Bill proposes e-voting paper trail

Congress spent billions on e-voting machines without requiring a paper trail. Some politicians now think that was a bad idea.

Declan McCullagh Former Senior Writer
Declan McCullagh is the chief political correspondent for CNET. You can e-mail him or follow him on Twitter as declanm. Declan previously was a reporter for Time and the Washington bureau chief for Wired and wrote the Taking Liberties section and Other People's Money column for CBS News' Web site.
Declan McCullagh
2 min read
Voting machines must include a verifiable paper trail and audit capability in time for the 2006 elections, according to a bill introduced this week in Congress.

The legislation requires states to follow a stricter set of federal rules that are designed in large part to respond to a wave of concerns about the electronic voting machines used in November's election.

"Congress set aside billions of dollars for states to buy new, more reliable electronic voting machines. But those machines aren't perfect, and without a paper trail, we can't guarantee that all votes will be counted correctly," Senate Democratic Leader Harry Reid of Nevada said.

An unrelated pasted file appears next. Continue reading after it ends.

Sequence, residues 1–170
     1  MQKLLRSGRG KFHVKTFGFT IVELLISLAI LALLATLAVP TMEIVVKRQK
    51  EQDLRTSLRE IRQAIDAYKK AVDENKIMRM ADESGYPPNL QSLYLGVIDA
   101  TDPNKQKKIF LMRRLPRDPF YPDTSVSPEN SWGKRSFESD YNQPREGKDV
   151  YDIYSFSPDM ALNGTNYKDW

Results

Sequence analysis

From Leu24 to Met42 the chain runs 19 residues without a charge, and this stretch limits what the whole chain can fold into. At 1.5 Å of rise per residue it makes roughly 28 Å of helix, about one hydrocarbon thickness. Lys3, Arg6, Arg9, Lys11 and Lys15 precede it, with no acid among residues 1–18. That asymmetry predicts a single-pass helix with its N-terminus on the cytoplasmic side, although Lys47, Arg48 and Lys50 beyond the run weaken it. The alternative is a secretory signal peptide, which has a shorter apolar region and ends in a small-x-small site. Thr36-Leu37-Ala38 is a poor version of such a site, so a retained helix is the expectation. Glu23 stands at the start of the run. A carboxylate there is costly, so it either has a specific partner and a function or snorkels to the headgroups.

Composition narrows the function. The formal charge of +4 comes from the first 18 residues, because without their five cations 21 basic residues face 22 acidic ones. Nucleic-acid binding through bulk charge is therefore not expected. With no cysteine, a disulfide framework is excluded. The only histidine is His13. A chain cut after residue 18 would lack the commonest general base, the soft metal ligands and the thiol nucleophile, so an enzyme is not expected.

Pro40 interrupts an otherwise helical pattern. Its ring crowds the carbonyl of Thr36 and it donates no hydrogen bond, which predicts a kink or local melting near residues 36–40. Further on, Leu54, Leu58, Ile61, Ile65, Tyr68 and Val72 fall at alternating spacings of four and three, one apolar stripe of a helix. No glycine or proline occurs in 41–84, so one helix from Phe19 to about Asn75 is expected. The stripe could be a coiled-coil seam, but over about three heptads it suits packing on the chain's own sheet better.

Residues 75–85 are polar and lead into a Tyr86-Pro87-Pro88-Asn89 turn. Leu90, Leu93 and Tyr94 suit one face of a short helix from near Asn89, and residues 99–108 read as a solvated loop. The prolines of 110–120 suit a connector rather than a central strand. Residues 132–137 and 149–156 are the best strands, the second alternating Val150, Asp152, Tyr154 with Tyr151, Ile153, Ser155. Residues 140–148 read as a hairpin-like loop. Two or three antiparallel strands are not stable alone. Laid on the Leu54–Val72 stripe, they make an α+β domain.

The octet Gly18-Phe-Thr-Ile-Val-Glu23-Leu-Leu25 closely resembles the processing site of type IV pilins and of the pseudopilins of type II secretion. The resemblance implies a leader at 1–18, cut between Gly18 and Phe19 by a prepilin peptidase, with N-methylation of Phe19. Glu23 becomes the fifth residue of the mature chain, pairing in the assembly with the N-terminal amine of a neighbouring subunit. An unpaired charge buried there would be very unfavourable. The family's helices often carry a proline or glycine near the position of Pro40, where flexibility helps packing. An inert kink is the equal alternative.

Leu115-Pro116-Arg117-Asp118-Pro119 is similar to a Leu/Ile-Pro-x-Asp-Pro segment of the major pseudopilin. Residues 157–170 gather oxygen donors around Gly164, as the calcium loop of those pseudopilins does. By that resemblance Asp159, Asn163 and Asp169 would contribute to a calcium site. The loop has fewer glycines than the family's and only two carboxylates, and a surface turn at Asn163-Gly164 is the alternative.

The measure applies only to e-voting machines such as touch-screen, lever-voting and optical-scanning systems. It would not affect punch card systems, paper ballots, or mail-in and absentee ballots.

Called the Voting Integrity and Verification Act, the bill says states must allow the "voter to review an individual paper version of the voter's ballot before the voter's ballot is cast and counted." The paper ballot, typically viewed under glass, would become a "permanent paper record" that must be preserved in case of a recount.

After the November 2004 election, a handful of Democrats sought to stall President Bush's certification as winner by alleging problems with e-voting machines in Ohio. But this bill has support from both Republicans and Democrats. Its sponsors include Sens. John Ensign, R-Nev.; Conrad Burns, R-Mont.; Dianne Feinstein, D-Calif.; Mark Dayton, D-Minn.; Lincoln Chafee, R-R.I.; John Sununu, R-N.H.; and Richard Durbin, D-Ill.

Some states and counties already require a paper ballot receipt, but there is no national standard in the Help America Vote Act of 2002. Enacted after the 2000 presidential election debacle, that law doled out billions of dollars to states without the requirement of a paper ballot receipt.

Computer scientists such as those represented by the Association for Computing Machinery have flagged potential security problems and have called for electronic voting machines to produce a "physical record." The Information Technology Association of America has opposed mandatory paper trails.